Live reggae DJ with Caribbean bites up in West Harlem? Sold.
As soon as the invite hit my inbox for the The Vibes Unlimited Bashment Brunch at Solomon & Kuff’s Rum Hall, I immediately RSVPed. This special brunch occurs monthly and is focused on exploring the multiple sounds and genres of reggae. In fact, I learned bashment is the word for party in the West Indies so this special brunch combines pan-Caribbean cuisine with good sounds, people and cocktails with a prix fixe menu and bottomless rum punch/mimosa option.
At first I was a little deterred by Solomon & Kuff’s West Harlem location, but once I got on the 1 train it was an easy straight shot. It was a great reminder that there’s so much to explore in New York and it really requires minimal effort to get there once you commit to it.
I was joined by my boyfriend Robert and his friend from back home, Colin. We were excited to explore an unfamiliar part of town for a friend. The restaurant in located in a huge industrial loft space in West Harlem’s Manhattanville Factory District, close to Dinosaur BBQ and the infamous Cotton Club. We were immediately drawn to funky artwork, the reclaimed patterned wood walls, and an impressive selection of about 100 international rums—this after all is a rum hall.
During brunch, diners have the option of ordering from the $32 prix fixe menu, which includes a drink, a starter, and a choice of entree with the option to make the brunch fully bottomless for an additional $20. You could also order a la carte and add on the bottomless option. From the looks of our fellow brunchers’ tables, it looked like pretty much everyone took them up on the prix fixe option and were fully enjoying a leisurely afternoon of bottomless drinks and grooving to the live reggae.
Solomon & Kuff’s has an impressive rum-centric bar program so we sampled a few cocktails, for the sake of journalism of course. In the end, the Bashment Punch, which is included in the brunch prix fixe as well as the boozy deal, was one of our favorite sips. The cocktail, containing rum, pineapple juice, mango puree, lime juice, and orange bitters, sounded too sweet for my liking on paper, but it was actually quite tangy, drinkable, and alcohol forward—it definitely packed a punch.
This brunch was on the house so we ordered a smattering of items off the menu to split, although most of our picks are included in the prix fixe.
From the starter menu, the spicy kale and green papaya salad definitely caught our eye. The gorgeous green presentation matched the enticing menu description; a pile of greens was served with orange segments, pumpkin seeds, and topped with a sugar cane vinaigrette. This salad sounds simple, but was refreshing and had a surprising amount of spice, which was welcome among our crew. We also particularly enjoyed the crunch from the pepitas.
The cauliflower and saltfish fritters are featured on the prix fixe menu and our server ensured they were a must try. I had imagined fried cauliflower heads so was surprised to see these prepared as mixed fried balls with cauliflower and fish, similar to risotto balls. The fish flavor was definitive, but not in a bad way if you’re a seafood lover.
Finally from the starter menu, we had to order the jerked Japanese eggplant, out of genuine curiosity since none of our party had ever seen this on a menu. Generous slabs of eggplant were slathered in jerk seasoning and covered with avocado mousse, watercress, and picked shallots, atop a few pieces of toast. This was a fun, Caribbean interpretation of avocado toast and we loved it. I really appreciate when a vegetarian item is a showstopper, rather than a sad alternative to a meat-centric item.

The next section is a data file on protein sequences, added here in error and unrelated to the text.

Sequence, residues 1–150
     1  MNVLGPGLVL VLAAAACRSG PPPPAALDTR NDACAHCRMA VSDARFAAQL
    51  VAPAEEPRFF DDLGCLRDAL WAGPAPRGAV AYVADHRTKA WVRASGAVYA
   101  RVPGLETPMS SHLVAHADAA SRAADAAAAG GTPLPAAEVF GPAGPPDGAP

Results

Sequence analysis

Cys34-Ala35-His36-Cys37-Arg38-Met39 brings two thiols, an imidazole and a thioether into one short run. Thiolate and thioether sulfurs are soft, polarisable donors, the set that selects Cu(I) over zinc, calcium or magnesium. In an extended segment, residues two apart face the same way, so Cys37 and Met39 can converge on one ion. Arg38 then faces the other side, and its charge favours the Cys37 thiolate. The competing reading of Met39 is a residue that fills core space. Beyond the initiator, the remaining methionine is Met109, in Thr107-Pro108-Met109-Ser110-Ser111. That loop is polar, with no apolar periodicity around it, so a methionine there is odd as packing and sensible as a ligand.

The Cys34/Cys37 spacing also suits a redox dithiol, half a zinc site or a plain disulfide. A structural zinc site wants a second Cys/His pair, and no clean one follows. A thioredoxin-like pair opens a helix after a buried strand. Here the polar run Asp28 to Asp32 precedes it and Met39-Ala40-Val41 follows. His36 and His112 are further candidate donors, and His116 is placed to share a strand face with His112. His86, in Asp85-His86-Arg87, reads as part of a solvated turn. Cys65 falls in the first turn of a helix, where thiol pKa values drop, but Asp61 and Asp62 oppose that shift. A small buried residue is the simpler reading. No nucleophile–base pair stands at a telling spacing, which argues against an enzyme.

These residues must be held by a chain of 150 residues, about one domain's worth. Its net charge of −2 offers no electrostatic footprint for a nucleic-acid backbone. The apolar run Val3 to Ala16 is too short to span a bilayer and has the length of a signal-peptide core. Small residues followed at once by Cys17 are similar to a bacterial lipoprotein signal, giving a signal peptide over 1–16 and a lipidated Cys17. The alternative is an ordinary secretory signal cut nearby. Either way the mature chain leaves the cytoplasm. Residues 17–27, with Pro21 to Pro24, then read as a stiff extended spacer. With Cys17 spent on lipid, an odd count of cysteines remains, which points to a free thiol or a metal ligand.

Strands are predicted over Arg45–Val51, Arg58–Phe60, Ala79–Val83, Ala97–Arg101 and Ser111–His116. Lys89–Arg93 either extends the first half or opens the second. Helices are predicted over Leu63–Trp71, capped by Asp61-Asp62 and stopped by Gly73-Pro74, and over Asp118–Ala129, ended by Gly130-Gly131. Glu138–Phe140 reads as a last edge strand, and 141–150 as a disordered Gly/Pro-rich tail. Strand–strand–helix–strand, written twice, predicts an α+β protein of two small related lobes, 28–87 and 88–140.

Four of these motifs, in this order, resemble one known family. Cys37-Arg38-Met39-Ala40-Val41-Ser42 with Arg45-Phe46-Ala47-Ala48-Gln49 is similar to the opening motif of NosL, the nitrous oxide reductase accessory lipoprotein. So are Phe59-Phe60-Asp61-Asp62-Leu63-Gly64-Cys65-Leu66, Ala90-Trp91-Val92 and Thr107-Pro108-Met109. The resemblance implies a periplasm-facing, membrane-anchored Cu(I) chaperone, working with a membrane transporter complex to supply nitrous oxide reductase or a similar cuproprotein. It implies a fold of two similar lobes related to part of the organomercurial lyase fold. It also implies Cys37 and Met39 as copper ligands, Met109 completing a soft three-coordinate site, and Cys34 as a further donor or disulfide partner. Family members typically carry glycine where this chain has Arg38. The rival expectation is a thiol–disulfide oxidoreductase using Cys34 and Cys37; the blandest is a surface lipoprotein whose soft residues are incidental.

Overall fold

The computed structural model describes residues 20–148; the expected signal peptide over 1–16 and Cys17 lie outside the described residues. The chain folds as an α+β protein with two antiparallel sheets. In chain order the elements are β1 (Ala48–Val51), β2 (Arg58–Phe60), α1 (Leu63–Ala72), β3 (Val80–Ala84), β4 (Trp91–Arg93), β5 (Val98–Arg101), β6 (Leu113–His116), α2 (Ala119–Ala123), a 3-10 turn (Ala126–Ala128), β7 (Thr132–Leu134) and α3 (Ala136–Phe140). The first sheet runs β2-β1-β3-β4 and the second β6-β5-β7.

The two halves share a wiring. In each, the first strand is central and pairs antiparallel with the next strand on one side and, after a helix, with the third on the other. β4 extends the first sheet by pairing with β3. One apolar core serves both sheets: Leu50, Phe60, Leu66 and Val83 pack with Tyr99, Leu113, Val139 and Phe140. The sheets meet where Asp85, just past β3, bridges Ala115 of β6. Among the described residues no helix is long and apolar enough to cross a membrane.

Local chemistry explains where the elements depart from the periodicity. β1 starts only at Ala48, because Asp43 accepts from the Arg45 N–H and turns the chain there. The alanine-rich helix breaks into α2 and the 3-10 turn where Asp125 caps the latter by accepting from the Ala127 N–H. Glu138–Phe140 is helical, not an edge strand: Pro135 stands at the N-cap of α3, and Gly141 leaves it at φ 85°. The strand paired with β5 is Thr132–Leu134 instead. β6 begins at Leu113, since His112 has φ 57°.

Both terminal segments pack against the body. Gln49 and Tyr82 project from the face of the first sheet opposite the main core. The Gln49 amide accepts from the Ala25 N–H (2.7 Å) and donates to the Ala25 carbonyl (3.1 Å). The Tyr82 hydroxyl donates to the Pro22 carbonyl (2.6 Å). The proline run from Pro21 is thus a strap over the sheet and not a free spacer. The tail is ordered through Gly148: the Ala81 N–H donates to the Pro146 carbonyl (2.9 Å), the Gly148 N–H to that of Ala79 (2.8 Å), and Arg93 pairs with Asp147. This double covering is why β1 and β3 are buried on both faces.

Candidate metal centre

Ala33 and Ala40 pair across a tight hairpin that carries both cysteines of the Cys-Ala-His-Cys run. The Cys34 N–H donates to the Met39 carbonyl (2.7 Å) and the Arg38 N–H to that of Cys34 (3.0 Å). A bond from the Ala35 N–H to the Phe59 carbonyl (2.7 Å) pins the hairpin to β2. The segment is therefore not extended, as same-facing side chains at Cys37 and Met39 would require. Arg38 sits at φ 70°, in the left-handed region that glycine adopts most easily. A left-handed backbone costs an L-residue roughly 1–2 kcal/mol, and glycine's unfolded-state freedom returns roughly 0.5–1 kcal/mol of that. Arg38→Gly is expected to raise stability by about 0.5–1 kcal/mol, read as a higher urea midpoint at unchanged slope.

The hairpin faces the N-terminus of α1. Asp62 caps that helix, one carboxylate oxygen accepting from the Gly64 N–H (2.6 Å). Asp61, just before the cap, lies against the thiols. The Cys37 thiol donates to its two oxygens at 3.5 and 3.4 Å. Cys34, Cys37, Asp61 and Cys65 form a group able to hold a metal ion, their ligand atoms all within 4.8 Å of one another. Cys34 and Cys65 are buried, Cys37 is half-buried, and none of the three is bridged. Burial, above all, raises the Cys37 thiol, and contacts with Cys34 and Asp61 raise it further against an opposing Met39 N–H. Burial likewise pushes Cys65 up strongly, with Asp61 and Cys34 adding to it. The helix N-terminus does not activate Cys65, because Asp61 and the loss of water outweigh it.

Practically every group around us had an impressive platter of chicken and waffles arriving to their table, so trying Mom’s Fried Chicken & Banana Bread Waffles was a no-brainer. The fried chicken wings looked pretty funny piled on the plate, but we got past the appearance and dug into the moist, savory poultry. The chicken was delectable and didn’t have too much breading, differing from many subpar chicken and waffles of brunch past. We also loved the banana bread waffles with walnut maple butter; an interest and tasty twist on a standard brunch dish.
I was joined at brunch with two hungry, slightly hungover guys so the entrée ordering continued with the Caribbean shrimp toast. Thick cut bread was stacked mile high with soft scrambled eggs, shrimp, chili pepper jam, and herb salad. This main dish was bursting with flavor and quite filling. Our only critique was there was so many toppings, it resulted in a really messy bite. We weren’t sure whether to just shove it in or fork n’ knife it.
To end our meal on a sweet note, the owner insisted that we try the sweet yam pancake, a specialty of the West Indies region. Thin layers of almost crepe-like pancakes were sandwiched between fresh fruit and dusted with a generous layer of powdered sugar. This light side was perfect for sharing and was the perfect dessert bite, but also wasn’t too sticky sweet.
Brunch parties can be a gamble, but we struck it lucky at Solomon & Kuff’s. Although it can be out of the way for some, it was worth the subway ride for a unique experience in a part of town I rarely explore. It was especially memorable for our friend Colin, in town from San Francisco, and we gave it all two thumbs up.
The Bitches say: A. Awesome Caribbean vibes, great cocktails, and flavorful, inventive brunch fare in West Harlem. A welcome addition to this up and coming neighborhood!
Solomon & Kuff serves brunch on Saturdays and Sundays beginning at 11 a.m.